The Beauty of Downtime

What comes to mind when you talk about ‘downtime’ as it relates to tabletop RPG’s? For most folks, downtime is the time in between game sessions, and some games make good use of that time by encouraging players to submit downtime actions or write up (or play out) scenes that happen ‘in between’ the end of one session and the beginning of another. And that’s great! But it’s not the kind of downtime I’m talking about here. For our purposes, I’m talking about ‘in character downtime’, that is, those moments when the PC’s make camp, or return to their home base, or take shelter for the night before the zombies/dragons/robots return in the morning.

Such moments are important for the characters from a purely mechanical standpoint, of course, because it lets them rest, recover (either completely or at least partially), and continue their adventures refreshed. But I believe they offer a much greater opportunity than just regaining a few hit points and spell slots. It gives everyone an opportunity to really sink their teeth into the meat of the story or adventure they’re a part of, while allowing the players to prepare to confront the challenges ahead.

When characters have downtime in the game, they can afford to let their guards down and look at the situation they’re in without the constant rush of adrenaline and the danger of imminent death distracting them. This is a perfect opportunity for some quality role-play, and I view it as an invaluable resource both for the players and for the GM.

As a player, this is your chance to delve deep into your character’s history, thoughts, and motivations. How does your character feel about what they just went through? Do they feel guilty for slaughtering a village of kobolds? Are they proud of protecting or saving someone else? Did one of the other party members save or help them during the most recent battle or challenge? Have them approach one or more of the other characters and discuss their thoughts and feelings. Something as simple as that can lead to some of the most memorable and affecting scenes in the whole game.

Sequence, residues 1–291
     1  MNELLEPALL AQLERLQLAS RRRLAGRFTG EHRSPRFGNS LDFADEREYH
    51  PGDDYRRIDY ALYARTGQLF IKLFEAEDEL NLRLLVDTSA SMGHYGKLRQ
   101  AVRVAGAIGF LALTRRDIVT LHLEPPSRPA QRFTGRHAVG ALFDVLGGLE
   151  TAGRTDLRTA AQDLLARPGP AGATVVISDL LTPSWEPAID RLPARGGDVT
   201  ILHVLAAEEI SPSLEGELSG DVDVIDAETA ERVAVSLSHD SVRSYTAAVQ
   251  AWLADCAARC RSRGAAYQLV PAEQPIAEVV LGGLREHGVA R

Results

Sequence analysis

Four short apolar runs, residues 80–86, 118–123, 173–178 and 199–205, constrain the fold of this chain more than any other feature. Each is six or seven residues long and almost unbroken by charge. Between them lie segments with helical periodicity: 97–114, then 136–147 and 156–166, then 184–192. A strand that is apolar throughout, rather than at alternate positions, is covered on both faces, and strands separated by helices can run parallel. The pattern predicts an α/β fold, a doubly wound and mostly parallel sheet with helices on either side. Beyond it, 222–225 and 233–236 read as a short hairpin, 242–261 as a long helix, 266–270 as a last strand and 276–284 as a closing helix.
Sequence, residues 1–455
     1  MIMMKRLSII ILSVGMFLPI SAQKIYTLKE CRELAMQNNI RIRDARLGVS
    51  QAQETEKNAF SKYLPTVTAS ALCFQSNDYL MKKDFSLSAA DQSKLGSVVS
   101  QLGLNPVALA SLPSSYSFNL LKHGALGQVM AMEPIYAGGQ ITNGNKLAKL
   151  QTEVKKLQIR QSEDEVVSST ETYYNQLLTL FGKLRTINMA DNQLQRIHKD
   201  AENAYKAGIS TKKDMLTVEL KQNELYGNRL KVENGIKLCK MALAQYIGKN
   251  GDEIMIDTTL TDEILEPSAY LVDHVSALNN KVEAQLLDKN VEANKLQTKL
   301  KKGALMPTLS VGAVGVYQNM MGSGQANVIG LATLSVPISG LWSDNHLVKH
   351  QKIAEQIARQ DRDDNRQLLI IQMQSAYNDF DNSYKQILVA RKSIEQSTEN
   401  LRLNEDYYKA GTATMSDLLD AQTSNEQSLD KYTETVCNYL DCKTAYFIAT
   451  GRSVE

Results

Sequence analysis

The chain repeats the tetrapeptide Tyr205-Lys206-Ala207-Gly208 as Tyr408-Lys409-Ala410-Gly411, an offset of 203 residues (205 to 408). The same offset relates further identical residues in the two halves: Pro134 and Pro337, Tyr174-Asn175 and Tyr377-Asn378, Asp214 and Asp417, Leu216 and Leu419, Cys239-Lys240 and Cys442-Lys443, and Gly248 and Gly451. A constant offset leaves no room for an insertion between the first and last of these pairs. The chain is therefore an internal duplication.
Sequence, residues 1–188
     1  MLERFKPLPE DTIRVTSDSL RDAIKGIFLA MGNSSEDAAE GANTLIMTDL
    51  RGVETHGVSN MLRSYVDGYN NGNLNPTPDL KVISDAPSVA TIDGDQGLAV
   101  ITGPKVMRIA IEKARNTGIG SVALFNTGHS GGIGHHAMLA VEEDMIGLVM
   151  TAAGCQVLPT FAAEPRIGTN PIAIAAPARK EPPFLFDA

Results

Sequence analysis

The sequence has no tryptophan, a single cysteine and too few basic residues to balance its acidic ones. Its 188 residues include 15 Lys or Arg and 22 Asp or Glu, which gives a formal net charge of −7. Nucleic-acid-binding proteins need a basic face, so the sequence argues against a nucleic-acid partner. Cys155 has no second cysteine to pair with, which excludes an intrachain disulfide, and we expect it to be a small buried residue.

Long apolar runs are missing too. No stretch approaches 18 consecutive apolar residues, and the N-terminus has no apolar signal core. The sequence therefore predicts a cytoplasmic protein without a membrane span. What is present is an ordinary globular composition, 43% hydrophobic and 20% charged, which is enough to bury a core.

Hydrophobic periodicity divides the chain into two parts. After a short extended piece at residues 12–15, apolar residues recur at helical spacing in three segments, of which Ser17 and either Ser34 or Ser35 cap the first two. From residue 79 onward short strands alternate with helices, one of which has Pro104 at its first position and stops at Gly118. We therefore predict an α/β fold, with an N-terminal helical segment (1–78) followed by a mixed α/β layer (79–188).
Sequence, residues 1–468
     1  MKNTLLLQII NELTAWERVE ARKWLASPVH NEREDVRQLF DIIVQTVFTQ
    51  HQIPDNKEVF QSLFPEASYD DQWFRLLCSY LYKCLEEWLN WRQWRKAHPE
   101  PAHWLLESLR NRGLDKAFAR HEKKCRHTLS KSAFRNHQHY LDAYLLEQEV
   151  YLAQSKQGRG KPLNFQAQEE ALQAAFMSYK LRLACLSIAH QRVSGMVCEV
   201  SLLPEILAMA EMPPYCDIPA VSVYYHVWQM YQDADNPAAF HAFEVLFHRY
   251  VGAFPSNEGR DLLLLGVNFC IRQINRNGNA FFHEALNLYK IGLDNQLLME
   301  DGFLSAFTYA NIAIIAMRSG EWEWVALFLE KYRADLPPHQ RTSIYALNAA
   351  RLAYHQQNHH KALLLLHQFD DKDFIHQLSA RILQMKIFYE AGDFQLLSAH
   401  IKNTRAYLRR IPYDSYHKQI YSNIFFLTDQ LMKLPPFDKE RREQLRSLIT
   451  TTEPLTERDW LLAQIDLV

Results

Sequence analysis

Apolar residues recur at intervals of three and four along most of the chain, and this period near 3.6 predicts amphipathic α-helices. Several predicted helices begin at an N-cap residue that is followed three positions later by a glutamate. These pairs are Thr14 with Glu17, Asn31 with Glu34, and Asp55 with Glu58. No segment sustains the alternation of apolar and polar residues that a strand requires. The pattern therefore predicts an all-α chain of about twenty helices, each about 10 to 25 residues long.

As a storyteller or GM, scenes like this can serve a dual purpose: it allows you as the storyteller to take a bit of a break while your players do the heavy lifting of interacting with one another and discussing their thoughts, of course. But it can also provide you with all kinds of ideas and insight into what your players and their characters are seeing vs. what you are presenting. If you were trying to put out a lighthearted romp and your characters are talking about how afraid or angry they are, maybe something went wrong- or at least in a direction you didn’t expect.

Or maybe they discuss their next plans and their ideas and thoughts about what’s coming next, and any GM worth their salt will tell you it’s great to listen to players discuss future possibilities. Sometimes they come up with even better or more interesting ideas than you, and there’s absolutely nothing wrong with stealing a few of them to use later. It gives players a great ‘I was right all along!’ feeling, while still making life a little easier for you.

Either way, it’s a win all around, for both players and GM’s. So, on your next game, make sure the characters have a moment to catch their breath- you might be surprised at just how much a little bit of downtime can do for your game.


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About the Author
Born in the freezing heart of upstate New York, raised in the searing heat of the Caribbean, then mellowed for several years in a fine oak barrel until he reached a perfect balance of snark and zen, Daniel is Fandible’s resident tech expert. Graduating at the top of his class in high school, and accepted to an Ivy League university, he instead chose to run away with the circus, where he learned valuable life lessons, and grew to hate clowns. He then travelled the globe for years in search of the six-fingered man, only to find the power was inside him all along. These days, he surrounds himself with glowing screens and wearable technology in an attempt to summon forth the Singularity by way of cargo cult. He is a Leo, and his favorite color cannot be seen by any but the pure of heart.

1 comment on “The Beauty of Downtime

  1. MDMann says:

    +2

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